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The Stanley Parable


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#1 panzerfaust

panzerfaust

Posted 08 November 2013 - 06:51 PM

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Written for Haywire Magazine

 

Built upon limited first person interaction and the voice of a British narrator, The Stanley Parable may come off as yet another intimidating indie project obsessed with its own creativity and to a point of vagueness. It’s synopsis alone readies the eyes to roll: “There is a story, there is no story. There is an ending, the game never ends.” Once the narrator glosses over your character’s life as an office worker named Stanley, a man who performs single key presses at his computer day in and day out without question, the expectation of primitive but convoluted social commentary settles in.

 

Indeed, the day comes when instructions stop appearing on Stanley’s computer screen. With no reason to press more buttons, he becomes anxious and decides to investigate. Stepping from his lonely office, he explores his abandoned workplace to the whim of the preemptive narrator: “Stanley decides to walk to the meeting room, perhaps he just missed a memo,” he muses. But since you obviously have control of this character, you’ll quickly realize that you don’t necessarily have to follow the narrator’s wishes. If he says go left, you may very well go right, making the orator adjust his plans for you in all sorts of humourous, dark, and frustrating ways.

 

Now, is that really all The Stanley Parable has to offer? An obvious nudge at a corporate culture that treats its employees as numbers, a slight glance at the nature of free will, and some clever dialogue? It turns out that yes, if you follow the narrator verbatim, that’s exactly what you’ll be rewarded with: a theme so transparent and a plot so blunt that it couldn’t be interpreted as anything other than a mockery of itself. The game will then restart, stepping Stanley from his office once more, and you’ll again have an opportunity to both obey and disobey the narrator to different degrees of conflict.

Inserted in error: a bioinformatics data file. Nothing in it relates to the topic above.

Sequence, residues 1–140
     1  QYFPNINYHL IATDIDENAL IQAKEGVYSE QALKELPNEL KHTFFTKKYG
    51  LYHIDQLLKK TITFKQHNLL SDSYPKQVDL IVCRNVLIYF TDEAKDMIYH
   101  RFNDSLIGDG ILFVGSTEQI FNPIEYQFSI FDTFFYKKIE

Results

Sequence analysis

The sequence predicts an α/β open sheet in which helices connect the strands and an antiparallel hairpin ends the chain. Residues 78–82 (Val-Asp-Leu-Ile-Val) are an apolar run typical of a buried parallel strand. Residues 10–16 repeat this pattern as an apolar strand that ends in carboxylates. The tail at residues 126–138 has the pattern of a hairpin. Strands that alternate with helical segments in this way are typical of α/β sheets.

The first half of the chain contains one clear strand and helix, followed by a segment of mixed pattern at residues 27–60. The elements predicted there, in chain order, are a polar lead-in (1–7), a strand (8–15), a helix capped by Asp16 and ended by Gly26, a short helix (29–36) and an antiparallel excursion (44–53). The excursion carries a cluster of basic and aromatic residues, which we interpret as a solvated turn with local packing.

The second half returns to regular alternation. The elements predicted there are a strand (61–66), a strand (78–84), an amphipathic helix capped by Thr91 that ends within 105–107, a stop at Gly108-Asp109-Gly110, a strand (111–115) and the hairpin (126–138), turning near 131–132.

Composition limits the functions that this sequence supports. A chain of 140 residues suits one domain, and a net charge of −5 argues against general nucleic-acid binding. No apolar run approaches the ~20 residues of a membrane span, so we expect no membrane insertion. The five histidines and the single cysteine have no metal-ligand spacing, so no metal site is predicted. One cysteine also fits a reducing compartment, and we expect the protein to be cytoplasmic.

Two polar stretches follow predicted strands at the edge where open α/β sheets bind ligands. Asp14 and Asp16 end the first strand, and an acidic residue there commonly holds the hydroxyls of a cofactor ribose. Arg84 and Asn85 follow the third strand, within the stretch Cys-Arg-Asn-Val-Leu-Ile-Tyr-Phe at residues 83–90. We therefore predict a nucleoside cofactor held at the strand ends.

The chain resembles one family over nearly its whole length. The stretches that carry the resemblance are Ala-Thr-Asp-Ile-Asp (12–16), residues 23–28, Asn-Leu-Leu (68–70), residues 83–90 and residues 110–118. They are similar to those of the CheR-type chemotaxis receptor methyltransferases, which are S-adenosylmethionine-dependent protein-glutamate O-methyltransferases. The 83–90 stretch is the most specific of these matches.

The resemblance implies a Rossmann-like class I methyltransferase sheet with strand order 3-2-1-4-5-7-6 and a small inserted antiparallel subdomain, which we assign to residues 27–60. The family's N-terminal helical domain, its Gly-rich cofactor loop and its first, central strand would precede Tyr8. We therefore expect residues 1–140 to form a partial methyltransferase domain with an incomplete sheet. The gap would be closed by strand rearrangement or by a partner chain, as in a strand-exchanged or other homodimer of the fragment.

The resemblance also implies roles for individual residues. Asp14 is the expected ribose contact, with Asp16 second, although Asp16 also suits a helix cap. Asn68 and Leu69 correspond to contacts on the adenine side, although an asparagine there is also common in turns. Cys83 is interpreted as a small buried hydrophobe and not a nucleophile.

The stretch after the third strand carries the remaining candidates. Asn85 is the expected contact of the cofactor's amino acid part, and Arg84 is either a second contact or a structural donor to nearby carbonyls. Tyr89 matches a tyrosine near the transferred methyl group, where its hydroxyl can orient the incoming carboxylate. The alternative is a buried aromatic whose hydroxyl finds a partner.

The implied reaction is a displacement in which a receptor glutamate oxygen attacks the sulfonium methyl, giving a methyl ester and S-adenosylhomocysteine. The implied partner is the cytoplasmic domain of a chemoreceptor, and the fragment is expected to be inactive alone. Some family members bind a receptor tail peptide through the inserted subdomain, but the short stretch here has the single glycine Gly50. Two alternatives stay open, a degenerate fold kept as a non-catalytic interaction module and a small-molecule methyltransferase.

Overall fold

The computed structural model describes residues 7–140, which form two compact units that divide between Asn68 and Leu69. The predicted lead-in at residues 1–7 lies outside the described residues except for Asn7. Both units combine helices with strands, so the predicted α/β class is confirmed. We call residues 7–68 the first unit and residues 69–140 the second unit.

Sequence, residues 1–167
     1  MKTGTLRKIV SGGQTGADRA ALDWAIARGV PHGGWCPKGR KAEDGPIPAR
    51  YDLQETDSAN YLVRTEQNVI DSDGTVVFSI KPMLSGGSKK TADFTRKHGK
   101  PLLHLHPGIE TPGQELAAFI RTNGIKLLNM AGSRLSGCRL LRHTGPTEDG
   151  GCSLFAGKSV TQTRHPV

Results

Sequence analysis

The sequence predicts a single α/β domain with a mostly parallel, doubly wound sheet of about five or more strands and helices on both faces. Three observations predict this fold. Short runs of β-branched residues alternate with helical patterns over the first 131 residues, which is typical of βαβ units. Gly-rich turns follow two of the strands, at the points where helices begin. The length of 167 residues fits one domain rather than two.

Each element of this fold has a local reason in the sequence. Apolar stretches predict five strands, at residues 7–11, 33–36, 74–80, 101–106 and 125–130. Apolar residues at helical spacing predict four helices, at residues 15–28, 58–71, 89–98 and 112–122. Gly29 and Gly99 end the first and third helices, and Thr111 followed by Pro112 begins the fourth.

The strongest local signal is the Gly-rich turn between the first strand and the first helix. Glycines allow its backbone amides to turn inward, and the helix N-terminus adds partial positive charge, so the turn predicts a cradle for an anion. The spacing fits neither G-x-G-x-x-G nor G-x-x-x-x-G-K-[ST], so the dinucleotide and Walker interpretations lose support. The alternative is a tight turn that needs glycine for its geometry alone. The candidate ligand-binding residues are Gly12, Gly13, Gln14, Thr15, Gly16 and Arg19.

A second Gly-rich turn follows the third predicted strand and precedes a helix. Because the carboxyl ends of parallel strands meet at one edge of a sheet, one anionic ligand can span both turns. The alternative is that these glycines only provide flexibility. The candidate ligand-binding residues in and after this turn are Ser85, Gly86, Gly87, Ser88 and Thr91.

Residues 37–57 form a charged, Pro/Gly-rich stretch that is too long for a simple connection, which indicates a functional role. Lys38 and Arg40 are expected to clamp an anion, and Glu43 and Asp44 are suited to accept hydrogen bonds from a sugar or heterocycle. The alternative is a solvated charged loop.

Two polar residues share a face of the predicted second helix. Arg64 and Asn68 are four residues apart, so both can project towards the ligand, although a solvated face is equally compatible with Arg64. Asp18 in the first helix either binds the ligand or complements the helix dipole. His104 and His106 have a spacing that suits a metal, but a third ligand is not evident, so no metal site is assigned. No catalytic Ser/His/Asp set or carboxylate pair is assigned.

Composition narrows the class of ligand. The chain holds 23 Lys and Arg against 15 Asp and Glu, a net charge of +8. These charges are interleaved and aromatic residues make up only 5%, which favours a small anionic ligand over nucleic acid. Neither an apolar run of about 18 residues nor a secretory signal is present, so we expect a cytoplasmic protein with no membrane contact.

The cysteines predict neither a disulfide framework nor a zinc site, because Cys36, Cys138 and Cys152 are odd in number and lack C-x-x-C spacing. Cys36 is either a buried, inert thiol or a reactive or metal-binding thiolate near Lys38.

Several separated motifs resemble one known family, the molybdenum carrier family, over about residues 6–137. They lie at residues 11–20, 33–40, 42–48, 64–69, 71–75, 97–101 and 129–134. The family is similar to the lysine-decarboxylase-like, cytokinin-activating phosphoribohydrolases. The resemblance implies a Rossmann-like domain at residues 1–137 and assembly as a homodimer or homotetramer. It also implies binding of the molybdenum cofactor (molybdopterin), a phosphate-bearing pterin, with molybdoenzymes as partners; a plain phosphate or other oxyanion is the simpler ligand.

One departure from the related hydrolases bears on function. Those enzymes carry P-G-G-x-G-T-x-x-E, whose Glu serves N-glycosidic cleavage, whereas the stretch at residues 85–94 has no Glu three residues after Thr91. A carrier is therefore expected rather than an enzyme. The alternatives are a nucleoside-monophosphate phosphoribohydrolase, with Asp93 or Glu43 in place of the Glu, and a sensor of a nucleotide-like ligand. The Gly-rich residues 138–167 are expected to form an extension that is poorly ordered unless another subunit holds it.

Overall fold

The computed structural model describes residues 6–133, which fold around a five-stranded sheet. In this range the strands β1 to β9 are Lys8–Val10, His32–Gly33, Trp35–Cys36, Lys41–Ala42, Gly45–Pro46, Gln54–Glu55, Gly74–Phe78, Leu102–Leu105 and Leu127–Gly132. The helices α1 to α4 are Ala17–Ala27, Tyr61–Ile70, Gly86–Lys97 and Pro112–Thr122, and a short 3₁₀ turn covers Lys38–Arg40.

The simplicity is striking. Multiple endings are hardly hidden, but rather laid openly upon minimal level design. It’s easy as pressing a different button here, or taking a different turn there. You may bore yourself in trying to dig up every easter egg, but the narrator’s script reacts to your behavior dynamically enough to keep exploration tolerable. With each outcome to the story you find, its brilliance will creep up on you.

 

It’s being said among users that new players shouldn’t read about the game like this, that it would spoil the experience. However, that thought process sort of misses the point of The Stanley Parable. The real ‘twist’ of the game is that despite its dependence on deception, its underlying concepts are honest and relatable to anyone who regularly enjoys this hobby. There’s no urge to jump to an internet search engine on this one. No need to find other players smarter than you in hopes of understanding some lost meaning. It’s all here, a profound message about the relationship between gamer and game designer, wrapped in a package anyone can open.

 


#2 ludus

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Posted 08 November 2013 - 08:22 PM

I really want to play the Stanley Parable really bad. I saw Steam Train of the Game Grumps play it on their show and I was immediately sold. It's something new and I want that. 


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#3 Ninjasnake86

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Posted 27 February 2014 - 05:58 PM

I really enjoyed the game the first few times I went through it, but after about twenty or so plays I removed it from my hard drive. It's an interesting concept, one that really relates concepts of game design and story structure to players in a meaningful way. I just don't think that even the full price, as low as it is, is really worth it for something that you literally see most everything in as few as 3 or 4 hours. 



#4 powbear

powbear

Posted 25 March 2014 - 07:42 PM

It was one of my favorite gaming experiences, I still have it installed and play it every now and then.